With some gas stations dry, pipeline works to send more fuel
Published 12:00 am Monday, September 19, 2016
ATLANTA (AP) — As some Georgia gas stations reported their fuel supplies had dried up, a pipeline company working to repair a break in Alabama said Monday it has worked “around the clock” to limit disruptions to the region’s gas supply.
Last week’s rupture and leak of more than 252,000 gallons (953,896 liters) of gas in Alabama has led to some gas shortages in Georgia and fueled fears of more widespread shortages across the Southeast.
In a statement early Monday, Colonial Pipeline said supplies of gasoline have either been delivered or are on their way to terminal locations in Alabama, Georgia, Tennessee, South Carolina, and North Carolina.
Fuel supplies in those five states were threatened by the spill, and the U.S. Department of Transportation ordered Colonial to take corrective action.
The Alpharetta, Georgia-based company has two main lines. The company said Monday that it is shipping “significant volumes” on the second of the two lines to mitigate the impact of the interruption on the other line.
“We continue to be in regular communication with our customers, who are also working on their own individual contingency plans to minimize supply disruptions. This includes trucking and barging fuel from other markets and refineries,” the company said in Monday’s statement.
The company has acknowledged that between 252,000 gallons (953,896 liters) and 336,000 gallons (1,271,861 liters) of gasoline leaked from a pipeline near Helena, Alabama, since the spill was first detected Sept. 9. It’s unclear when the spill actually started.
Colonial Pipeline said over the weekend that it was beginning construction of a temporary pipeline that will bypass a leaking section of its main gasoline pipeline in Shelby County, Alabama. Its statement Monday did not say when that temporary pipeline is expected to be up and running.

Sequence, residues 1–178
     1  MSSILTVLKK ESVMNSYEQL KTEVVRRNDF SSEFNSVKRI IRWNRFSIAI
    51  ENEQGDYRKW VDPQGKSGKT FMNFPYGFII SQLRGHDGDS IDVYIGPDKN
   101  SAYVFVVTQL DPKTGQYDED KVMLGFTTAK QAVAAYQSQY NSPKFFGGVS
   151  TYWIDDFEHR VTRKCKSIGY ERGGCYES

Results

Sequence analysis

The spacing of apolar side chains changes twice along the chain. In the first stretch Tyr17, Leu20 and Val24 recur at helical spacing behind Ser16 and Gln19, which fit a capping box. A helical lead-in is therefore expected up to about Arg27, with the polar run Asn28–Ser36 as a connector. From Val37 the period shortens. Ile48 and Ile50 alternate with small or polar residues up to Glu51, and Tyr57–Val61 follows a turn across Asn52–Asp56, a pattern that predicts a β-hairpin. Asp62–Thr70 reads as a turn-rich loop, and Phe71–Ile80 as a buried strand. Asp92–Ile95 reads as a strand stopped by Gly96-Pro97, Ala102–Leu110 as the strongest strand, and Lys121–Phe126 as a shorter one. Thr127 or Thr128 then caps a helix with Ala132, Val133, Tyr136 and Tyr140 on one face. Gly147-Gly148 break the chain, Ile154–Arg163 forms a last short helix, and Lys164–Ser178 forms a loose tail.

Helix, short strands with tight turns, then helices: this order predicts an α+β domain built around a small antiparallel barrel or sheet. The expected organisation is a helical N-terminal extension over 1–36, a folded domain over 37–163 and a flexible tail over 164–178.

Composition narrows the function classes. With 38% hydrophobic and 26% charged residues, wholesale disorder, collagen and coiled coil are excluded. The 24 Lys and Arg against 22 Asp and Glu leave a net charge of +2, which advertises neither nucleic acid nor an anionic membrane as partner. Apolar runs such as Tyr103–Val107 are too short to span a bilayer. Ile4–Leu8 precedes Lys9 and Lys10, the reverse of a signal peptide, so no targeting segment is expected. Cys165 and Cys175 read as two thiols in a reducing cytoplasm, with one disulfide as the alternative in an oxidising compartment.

Overnight, AAA reported the price of regular gas in Georgia jumped more than 5 cents from Sunday’s average of $2.26 to just over $2.31. The average price of regular gas in Georgia a week ago was around $2.10, AAA reported.
Drivers in the Atlanta area found some pumps completely dry or they had to pay 20 cents more because, according to a sign on the pump, the gas had to be pulled from Savannah.
An employee at a QuickTrip in Alpharetta, gasless since Saturday, said Sunday they don’t expect to refill until Wednesday or Thursday.
Ingles Gas Express in Hiawassee turned off their price sign lights in an area where gas is becoming scarce, an employee said.
“We just blanked out our sign,” said the Ingles employee, who did not want to disclose her name. “Other places are getting small shipments. We might get ours by Tuesday, but it’s still up in the air.”
A Shell station in Carrollton is only carrying premium grade, a worker said.
Georgia Gov. Nathan Deal issued an executive order last week to suspend limitations on trucking hours, allowing drivers to stay on the road longer to bring fuel into the state. The order said, however, that no motor carrier “shall require or allow an ill or fatigued driver to operate a motor vehicle.”